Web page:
Among Delhi's poorer families, school-going children often eat roasted papad for breakfast, along with a cup of tea. A friend of mine, doing a PhD at Delhi, says that in one low-income community she surveyed, nearly 50% of the kids ate papad for breakfast. I was pretty shocked, really, and then I felt really stupid at my lack of knowledge of what poverty is really all about. What was I expecting? A fancy breakfast with fruit juice? 

Papad doesn't really meet any nutritional needs, although since roasted papads are made of lentils, I suppose they are better than nothing. Typically, these papads are made of urad-dal (black gram), a lentil that is native to India. In fact, India is the world's largest producer (and consumer) of urad dal. Black gram accounts for more than 40 % of total legume seeds traded in the world, although I haven't seen it being used in any Western cuisines. Have you? I think it is used in central Asia and some Asian countries. 
Whole black gram (akkha urad or sabut urad)
photographed in my kitchen
In India it is used not just for papads; but also as part of the daily diet, especially in South India, where it is a part of almost every breakfast (dosa, idli, vada).
Home-made dosa for breakfast. 
The batter is made of rice and urad dal.
The thick iron griddle is one of my prized possessions :)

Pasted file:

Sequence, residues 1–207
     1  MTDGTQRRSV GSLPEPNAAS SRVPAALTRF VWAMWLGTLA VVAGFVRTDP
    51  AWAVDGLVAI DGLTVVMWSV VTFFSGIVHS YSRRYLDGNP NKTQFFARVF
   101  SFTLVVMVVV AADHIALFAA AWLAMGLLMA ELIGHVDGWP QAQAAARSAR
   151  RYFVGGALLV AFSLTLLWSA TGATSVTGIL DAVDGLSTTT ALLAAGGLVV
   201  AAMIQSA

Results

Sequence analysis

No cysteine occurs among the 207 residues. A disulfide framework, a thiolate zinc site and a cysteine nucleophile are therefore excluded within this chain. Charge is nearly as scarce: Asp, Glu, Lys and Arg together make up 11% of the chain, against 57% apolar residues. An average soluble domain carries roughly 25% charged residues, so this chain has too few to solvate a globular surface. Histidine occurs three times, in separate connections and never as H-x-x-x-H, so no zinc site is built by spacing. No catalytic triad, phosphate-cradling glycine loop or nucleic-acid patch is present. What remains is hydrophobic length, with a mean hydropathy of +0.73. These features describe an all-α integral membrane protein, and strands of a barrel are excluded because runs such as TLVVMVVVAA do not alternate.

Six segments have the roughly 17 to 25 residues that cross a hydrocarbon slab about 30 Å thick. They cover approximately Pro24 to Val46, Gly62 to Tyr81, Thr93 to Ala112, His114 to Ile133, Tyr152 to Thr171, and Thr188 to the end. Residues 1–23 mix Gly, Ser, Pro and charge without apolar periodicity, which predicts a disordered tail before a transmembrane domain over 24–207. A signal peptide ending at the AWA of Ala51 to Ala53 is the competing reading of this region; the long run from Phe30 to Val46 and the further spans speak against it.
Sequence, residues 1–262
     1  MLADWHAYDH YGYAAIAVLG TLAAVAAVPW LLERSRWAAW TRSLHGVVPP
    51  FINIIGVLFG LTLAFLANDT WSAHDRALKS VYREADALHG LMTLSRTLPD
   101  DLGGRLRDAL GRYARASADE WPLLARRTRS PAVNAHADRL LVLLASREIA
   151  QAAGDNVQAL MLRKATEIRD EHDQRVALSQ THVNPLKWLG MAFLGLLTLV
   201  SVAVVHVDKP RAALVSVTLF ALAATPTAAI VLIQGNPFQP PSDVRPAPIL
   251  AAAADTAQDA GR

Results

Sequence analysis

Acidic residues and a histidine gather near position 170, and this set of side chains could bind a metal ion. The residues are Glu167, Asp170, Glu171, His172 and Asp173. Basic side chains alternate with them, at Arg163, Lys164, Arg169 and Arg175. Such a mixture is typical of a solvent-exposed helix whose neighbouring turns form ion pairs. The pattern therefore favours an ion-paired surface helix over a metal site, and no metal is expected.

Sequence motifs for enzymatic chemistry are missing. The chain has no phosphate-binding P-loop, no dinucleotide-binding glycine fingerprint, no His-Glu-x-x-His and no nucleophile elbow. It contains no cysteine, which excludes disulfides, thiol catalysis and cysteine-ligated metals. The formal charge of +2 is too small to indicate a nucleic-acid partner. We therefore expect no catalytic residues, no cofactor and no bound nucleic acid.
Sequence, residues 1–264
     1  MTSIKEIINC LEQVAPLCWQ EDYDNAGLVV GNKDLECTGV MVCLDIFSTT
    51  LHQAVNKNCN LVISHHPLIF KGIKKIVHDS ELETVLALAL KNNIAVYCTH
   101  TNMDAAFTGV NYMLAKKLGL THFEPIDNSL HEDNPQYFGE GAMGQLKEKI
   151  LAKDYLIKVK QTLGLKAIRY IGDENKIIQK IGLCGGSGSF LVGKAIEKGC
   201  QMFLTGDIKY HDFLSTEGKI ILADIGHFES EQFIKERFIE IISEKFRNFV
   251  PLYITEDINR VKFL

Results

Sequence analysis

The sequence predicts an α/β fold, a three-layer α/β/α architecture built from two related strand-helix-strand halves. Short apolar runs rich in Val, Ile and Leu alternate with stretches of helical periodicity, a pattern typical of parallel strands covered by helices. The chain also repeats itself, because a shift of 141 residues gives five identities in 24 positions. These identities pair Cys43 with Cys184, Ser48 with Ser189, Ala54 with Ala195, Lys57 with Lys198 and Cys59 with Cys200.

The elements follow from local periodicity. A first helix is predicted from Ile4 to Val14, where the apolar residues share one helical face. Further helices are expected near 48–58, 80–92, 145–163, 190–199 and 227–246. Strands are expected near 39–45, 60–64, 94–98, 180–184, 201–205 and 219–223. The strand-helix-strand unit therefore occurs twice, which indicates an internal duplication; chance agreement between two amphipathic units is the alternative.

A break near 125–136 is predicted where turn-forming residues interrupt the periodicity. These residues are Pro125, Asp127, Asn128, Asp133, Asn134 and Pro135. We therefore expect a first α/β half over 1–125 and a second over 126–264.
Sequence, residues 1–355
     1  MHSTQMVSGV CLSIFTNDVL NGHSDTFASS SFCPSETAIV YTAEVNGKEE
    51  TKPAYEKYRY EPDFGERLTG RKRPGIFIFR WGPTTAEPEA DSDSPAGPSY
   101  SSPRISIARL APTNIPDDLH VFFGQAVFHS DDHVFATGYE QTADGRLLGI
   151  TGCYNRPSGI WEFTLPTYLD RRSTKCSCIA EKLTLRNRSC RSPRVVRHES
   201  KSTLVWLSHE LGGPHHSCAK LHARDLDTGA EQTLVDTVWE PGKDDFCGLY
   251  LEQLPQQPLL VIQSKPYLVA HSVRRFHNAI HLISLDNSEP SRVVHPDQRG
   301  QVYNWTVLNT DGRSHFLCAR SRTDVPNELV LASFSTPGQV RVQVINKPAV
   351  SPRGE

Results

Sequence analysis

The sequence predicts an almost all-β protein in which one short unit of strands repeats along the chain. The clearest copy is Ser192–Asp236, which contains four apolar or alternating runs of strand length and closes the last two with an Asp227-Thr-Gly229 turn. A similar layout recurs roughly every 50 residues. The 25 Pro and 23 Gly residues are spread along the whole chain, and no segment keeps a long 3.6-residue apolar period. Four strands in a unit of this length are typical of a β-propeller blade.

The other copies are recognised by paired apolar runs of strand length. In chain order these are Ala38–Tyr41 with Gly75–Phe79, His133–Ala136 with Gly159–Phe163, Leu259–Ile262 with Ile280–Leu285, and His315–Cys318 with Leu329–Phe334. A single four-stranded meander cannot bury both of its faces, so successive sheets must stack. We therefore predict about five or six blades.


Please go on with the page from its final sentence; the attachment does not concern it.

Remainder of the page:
In Delhi, other than papads, the most popular dish with urad dal is the famous Dal Makhani.
Dal Makhani (in the bucket) and a 
super-orangey paneer butter masala!!
At the ITC Maurya, they have their signature Dal Bukhara:
From the Arkansas blog of  Max and Ellen, who travelled with us on a Delhi Magic Tour
The picture above is a collage of two separate photos - on the left is a typical meal at the Maurya's Bukhara, with tandoori roti, dal bukhara, kebabs etc. On the right is the menu of the special Presidential Platter that the restaurant created after Bill Clinton's visit. It is supposed to be for 2 people, but really, in my view, four people can eat what they serve. There is a vegetarian version of this platter as well, inspired by Chelsea Clinton.

There are several studies showing that urad-dal boosts the immune system. It is traditionally used in Ayurveda for several things, including as a face scrub, treatment for dandruff and acne, as a solution for low sperm count and erectile dysfunction in men, and for problems with menstruation. If you're interested in natural remedies, then see this link.

But if like me, your primary interest is in food, then look for a papad seller and try a roasted papad. And don't forget to ask for extra masala!

Monday, July 1, 2013

How to visit the Hill forts of Rajasthan, now on UNESCO World Heritage List

Last week, a set of 6 Hill Forts of Rajasthan were declared UNESCO World Heritage sites.

The forts range from the 7th century to the 16th century. Taken together, these rugged hill forts tell us about the political, cultural, social and architectural evolution of the ruling Rajput caste in the history of India.  Many are scenes of valour, and exemplify the Rajput belief in "death before dishonour".

These forts are built strategically on the Aravalli range, which is the oldest mountain range in India. According to UNESCO, they constitute "the most authentic, best conserved and most representative sites of Rajput military architecture".